However, there exists a second virus that attacks the brain. It is peculiarly nasty in that it doesn’t destroy the brain, rather it messes up the neural pathways, leading to a loss of memory and a seemingly random change in personality traits. One person who had the virus had been a successful author. Now he can’t write a word, but he’s become rather good at exotic dancing. Another person used to be very talkative and energetic, now they are shy and more reserved. (Insert other examples relevant to the context you find yourself in)

Unfortunately, you have caught this brain-changing virus. Medics can get around the virus by replacing pieces of the brain with advanced forms of silicon chip. In your case, they would have to do this to almost all of your brain. But trials show that you can be sure that the result will be the total preservation of your memories, personality, plans, beliefs and so on, and a person as able to carry on living a normal life with no noticeable changes to their personality. The alternative is to succumb to the virus with its consequent loss of memory and change in character.

You must make the choice which you think will give yourself the biggest chance of surviving. Do you let the virus run its course, or have your brain replaced by silicon chips?

  • Have students move again and engage in another round of explanation and debate similar to the last round.

Round 3 – Die or Freeze?

The operation was successful, congratulations! What’s more, a few years later, advances in technology enabled scientists to perform a similar operation which gave you back an organic brain and body, so now you are a fully-organic human again.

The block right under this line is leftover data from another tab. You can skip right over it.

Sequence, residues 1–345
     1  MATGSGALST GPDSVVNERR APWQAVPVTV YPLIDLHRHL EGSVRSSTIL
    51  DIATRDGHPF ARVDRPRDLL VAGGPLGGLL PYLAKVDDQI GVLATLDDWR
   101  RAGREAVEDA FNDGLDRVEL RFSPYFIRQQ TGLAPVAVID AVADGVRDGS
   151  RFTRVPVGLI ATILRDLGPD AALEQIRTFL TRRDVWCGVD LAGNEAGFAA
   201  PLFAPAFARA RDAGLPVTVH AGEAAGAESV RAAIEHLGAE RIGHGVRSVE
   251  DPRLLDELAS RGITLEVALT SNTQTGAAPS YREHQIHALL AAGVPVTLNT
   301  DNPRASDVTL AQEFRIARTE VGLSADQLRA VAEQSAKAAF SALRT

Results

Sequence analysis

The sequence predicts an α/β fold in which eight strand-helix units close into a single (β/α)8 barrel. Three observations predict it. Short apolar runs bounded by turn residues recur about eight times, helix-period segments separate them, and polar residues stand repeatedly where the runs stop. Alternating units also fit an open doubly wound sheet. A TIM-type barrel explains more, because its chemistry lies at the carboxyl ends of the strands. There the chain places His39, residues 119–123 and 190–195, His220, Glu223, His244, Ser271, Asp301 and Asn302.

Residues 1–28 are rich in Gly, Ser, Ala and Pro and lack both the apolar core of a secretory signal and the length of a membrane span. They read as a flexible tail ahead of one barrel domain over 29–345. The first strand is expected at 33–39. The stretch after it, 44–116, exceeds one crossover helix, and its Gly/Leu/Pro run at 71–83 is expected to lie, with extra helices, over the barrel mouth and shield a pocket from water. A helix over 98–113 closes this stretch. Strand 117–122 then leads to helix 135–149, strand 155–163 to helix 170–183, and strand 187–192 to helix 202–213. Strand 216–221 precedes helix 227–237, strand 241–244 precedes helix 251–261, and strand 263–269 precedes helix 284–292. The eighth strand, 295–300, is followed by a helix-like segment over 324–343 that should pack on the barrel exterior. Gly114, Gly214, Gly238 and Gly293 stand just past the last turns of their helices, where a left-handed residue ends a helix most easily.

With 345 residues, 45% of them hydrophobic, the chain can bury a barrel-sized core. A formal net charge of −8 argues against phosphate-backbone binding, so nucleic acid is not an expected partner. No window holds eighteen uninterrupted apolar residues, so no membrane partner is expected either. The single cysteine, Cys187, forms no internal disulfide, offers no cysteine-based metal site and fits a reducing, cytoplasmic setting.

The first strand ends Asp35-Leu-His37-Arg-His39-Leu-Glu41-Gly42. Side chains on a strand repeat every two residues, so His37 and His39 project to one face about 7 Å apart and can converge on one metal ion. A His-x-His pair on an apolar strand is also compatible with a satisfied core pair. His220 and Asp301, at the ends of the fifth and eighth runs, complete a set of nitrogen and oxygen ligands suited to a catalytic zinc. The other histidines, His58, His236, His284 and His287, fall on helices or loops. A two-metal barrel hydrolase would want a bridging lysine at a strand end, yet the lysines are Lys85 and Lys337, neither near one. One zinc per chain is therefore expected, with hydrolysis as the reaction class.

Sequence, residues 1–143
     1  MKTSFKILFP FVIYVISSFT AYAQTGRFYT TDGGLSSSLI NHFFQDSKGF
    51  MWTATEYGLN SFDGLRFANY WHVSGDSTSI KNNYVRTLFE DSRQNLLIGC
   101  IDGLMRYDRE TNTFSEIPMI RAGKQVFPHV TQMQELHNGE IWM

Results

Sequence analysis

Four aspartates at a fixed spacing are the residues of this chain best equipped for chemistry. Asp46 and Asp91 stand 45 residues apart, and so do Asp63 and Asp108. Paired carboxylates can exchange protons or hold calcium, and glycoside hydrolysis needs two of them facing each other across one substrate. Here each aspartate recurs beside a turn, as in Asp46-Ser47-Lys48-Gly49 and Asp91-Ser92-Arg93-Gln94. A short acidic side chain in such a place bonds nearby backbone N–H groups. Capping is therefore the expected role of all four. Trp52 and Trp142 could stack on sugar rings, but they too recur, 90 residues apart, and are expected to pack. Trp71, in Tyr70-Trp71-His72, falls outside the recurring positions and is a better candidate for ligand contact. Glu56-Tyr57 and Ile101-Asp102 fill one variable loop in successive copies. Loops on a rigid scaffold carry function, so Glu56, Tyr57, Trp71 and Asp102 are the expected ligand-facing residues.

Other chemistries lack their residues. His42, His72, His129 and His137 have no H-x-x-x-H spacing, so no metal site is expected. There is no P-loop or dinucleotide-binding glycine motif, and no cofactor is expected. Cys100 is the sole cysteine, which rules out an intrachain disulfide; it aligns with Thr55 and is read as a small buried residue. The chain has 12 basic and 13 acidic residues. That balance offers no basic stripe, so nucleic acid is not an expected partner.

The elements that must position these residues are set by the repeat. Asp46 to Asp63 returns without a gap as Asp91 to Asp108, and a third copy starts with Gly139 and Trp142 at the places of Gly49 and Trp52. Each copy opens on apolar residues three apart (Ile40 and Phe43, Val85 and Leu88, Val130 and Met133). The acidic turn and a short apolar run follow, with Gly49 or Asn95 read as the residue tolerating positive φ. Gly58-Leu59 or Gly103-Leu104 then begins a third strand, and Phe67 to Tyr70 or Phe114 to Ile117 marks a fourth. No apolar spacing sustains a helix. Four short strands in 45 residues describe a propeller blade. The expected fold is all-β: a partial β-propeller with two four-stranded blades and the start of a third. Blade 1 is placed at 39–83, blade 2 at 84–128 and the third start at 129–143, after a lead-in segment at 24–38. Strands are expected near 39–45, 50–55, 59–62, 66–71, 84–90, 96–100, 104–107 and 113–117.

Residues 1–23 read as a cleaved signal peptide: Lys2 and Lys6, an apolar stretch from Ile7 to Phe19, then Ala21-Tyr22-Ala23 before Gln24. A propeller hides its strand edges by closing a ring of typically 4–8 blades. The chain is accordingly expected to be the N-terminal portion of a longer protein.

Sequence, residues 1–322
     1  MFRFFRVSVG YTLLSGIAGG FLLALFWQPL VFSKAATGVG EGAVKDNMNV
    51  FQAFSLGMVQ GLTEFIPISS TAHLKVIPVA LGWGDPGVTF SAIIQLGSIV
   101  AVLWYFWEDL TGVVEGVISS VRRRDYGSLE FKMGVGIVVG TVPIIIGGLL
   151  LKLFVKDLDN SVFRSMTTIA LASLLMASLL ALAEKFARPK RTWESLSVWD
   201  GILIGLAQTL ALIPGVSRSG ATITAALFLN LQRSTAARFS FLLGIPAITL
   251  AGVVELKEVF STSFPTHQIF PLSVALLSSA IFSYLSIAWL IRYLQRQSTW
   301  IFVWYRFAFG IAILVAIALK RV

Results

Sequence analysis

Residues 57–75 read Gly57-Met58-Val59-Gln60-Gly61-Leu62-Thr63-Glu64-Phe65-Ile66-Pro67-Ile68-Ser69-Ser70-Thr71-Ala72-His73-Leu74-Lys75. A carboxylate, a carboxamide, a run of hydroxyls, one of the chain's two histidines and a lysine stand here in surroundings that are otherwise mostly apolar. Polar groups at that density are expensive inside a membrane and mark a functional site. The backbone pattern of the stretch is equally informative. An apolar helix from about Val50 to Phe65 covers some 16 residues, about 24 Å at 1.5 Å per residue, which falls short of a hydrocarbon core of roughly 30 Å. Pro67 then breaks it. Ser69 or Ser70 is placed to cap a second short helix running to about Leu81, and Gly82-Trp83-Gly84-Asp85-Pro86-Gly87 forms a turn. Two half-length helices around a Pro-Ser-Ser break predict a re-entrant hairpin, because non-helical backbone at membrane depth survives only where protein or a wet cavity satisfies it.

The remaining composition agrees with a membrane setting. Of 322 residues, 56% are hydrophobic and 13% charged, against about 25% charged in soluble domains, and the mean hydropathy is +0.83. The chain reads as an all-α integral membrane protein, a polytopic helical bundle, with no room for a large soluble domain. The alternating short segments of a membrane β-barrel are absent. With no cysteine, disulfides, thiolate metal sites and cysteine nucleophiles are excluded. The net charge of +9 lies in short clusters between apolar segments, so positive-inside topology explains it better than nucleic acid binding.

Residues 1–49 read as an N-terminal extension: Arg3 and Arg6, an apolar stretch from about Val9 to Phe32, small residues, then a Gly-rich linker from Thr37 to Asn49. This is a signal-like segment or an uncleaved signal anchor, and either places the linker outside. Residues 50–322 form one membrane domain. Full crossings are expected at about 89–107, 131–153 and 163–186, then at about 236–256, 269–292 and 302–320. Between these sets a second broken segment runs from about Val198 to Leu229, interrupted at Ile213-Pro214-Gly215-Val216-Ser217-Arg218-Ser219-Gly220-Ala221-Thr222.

Strange as it may seem, it has been discovered that reincarnation of a sort does actually occur. It seems that there is some immaterial part – call it a soul – in all human beings. On death, it leaves the body and enters the body of a new-born animal or human. It does not take your memories with, though it is thought that that it may have some effect in determining one’s character, but given the evidence for the strong influence of genes and upbringing, this effect is thought to be relatively small.

Even stranger than the fact of reincarnation, it seems that our souls die if stored at below freezing point for longer than a week. These facts are vital to the last choice you must make…

You are very ill, but scientists have almost found a cure for the disease you have, they expect to have a cure within the next 1-2 years. Further, they have also developed a technique to ‘deep freeze’ humans, enabling them to be revived later with their memories and character intact. You have two choices:

The first choice is to let the disease take its toll. Your body will die, but your soul will live on with no risk of fading away into nothingness.

The second choice is to be deep frozen, then thawed and cured later. This will destroy your soul and only has a 40% chance of success. There is a 60% per cent chance that the thawing and curing won’t work – that both your soul and body will die.

You must make the choice that you think will give yourself the biggest chance of surviving. Do you enter the deep freeze and ensure the death of your soul and a 60% change of bodily death, or let the illness take your life and allow your soul to pass onto another living being?

  • Have students move again and engage in another round of explanation and debate similar to the last round.

Wrap up

To close out the activity, engage in a conversation about the thought experiment as a whole, encouraging students to share out their thoughts. Sample prompt include:

  • Which round was the hardest/easiest to decide?
  • What other factors might have impacted your decisions?
  • What does it mean to be “alive” in each round?
  • What makes you, you? (Continuity of body, mind, soul, and/or other?)

Contributed by Jordan Sherry-Wagner